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Altered Consciousness: Contemplations and concerns of a graduating senior

Published: April 27, 2012
Section: Opinions


After nearly four years at Brandeis University, I will be graduating in several weeks along with the rest of the class of 2012.

Certainly, I have benefited from my experience here in a number of ways. I have learned a great deal as a Politics major, about a range of topics from American government to public policy, political philosophy, law and international relations. The faculty is devoted to the well-being of the students and I’ve had very few professors who I would assert are inferior or sub-par in any major respect.

Compared to where I was when I originally matriculated, I have become a much better writer, communicator and researcher. I can analyze and critically examine complicated texts and ideas. I’ve developed a more cohesive worldview and perspective on national and international affairs.

My main concern though, even at this late point shortly before commencement day, is how I will be able to apply the skills I have acquired going forward.

At the heart of this matter is that the job market is not strong at all. For liberal arts majors who seek to work for a few years before entering graduate school, searching for a career is a miserable and even dehumanizing experience. All your life experience is boiled down to one of thousands of resumes sitting in a dusty pile on some desk in a cubicle. There is too little supply of available positions, especially given how weak this economy is, and far too much demand.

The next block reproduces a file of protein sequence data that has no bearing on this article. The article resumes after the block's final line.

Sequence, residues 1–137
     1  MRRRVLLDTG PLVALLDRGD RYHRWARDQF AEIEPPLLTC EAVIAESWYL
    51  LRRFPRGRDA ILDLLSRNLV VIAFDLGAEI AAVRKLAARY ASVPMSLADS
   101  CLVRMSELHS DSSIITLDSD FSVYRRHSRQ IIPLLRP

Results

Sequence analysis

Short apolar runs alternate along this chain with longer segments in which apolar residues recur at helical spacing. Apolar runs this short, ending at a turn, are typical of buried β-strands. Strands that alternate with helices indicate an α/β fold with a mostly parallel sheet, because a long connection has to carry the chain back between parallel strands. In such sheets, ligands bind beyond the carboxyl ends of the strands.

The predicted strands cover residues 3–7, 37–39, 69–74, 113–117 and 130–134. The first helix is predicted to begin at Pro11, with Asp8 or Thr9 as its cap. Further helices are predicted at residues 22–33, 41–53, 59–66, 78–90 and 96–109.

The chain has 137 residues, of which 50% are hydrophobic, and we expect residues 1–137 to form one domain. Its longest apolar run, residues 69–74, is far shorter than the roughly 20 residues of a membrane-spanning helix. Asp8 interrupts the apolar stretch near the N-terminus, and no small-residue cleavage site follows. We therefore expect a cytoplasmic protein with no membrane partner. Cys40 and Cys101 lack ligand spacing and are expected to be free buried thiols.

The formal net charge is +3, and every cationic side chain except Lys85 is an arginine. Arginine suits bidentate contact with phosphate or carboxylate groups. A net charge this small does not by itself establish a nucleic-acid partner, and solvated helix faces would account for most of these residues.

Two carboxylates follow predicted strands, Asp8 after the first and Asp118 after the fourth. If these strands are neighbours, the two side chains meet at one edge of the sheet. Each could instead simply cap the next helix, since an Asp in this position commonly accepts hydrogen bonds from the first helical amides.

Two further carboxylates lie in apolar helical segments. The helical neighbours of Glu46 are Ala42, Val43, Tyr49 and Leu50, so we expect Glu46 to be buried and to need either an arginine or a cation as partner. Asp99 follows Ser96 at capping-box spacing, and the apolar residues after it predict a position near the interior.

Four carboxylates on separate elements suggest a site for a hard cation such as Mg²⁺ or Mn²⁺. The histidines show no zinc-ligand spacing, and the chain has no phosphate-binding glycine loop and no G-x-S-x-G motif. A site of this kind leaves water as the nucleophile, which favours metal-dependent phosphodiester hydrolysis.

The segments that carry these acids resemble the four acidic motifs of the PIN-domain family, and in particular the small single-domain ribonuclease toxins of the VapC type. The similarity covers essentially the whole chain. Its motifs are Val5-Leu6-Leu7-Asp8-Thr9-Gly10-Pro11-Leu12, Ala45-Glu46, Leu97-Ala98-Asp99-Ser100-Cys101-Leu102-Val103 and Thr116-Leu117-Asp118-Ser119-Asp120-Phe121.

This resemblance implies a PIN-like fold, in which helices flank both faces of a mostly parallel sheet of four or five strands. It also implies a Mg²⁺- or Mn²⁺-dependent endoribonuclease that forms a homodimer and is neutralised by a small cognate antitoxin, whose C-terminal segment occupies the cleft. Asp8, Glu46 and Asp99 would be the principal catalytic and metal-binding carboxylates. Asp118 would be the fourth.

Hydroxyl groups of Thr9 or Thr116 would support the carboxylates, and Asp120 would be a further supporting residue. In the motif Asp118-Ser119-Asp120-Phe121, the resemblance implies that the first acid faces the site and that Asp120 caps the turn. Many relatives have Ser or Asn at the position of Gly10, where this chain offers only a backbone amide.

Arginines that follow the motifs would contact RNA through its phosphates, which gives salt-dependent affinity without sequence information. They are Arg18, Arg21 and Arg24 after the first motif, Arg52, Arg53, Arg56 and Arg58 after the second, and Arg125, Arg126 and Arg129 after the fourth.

Furthermore, the vast majority of jobs out there are not appealing. Sales jobs are always plentiful. Yet selling insurance of some sort, for instance, seems like an awfully frustrating and monotonous endeavor. Lots of IT positions are available—yet one does not learn about the intricacies of Java by taking courses on Middle East politics.

Then there is the social justice career that Brandeis seems to fetishize with some do-gooder not-for-profit. If you feel that you can save the whales and would be willing to do so despite making less than the minimum wage and working 60-hour weeks, be my guest.

There are some well-paying, intellectually stimulating, rewarding jobs out there, yet it’s like finding a needle in a haystack—one need only look at websites like Career Builder or Monster to see what I mean. And although my Brandeis education has been valuable, I cannot say it has definitively distinguished me from tens of thousands of other students in my exact same position who probably found the same things for which I’ve been applying.

Personally, I’m not doomed, I will not become homeless and I have backup plans. Yet my angst is palpable.

The problem though rises beyond Brandeis and the woes of the class of 2012; fundamentally, the American Dream is dying. The notion that this upcoming generation will have higher living standards than the prior ones seems ludicrous to me. I personally doubt that I will ever become as financially successful as my parents.

A malaise has set over this nation. Our expectations are lower and 7 or 8 percent unemployment with stagnant incomes and wages seems like the new norm. As a patriot, I still try to be cautiously optimistic, do not believe decline is destiny, and hope that America will overcome this rough patch. Yet the rejection letters that I have received from the companies I’ve interviewed with—in my view, as good a symbol of larger trends as any—cause me to think otherwise.

My challenge then to the class of 2012: Prove me wrong, if you can. Congratulations, and welcome to your new life.